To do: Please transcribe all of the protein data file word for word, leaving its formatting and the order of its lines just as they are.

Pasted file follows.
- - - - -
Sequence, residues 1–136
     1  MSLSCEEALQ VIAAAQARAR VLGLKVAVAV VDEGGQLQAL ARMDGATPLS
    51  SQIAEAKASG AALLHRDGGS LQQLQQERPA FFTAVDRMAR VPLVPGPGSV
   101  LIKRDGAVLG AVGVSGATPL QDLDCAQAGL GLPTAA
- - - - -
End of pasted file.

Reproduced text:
Sequence, residues 1–136
     1  MSLSCEEALQ VIAAAQARAR VLGLKVAVAV VDEGGQLQAL ARMDGATPLS
    51  SQIAEAKASG AALLHRDGGS LQQLQQERPA FFTAVDRMAR VPLVPGPGSV
   101  LIKRDGAVLG AVGVSGATPL QDLDCAQAGL GLPTAA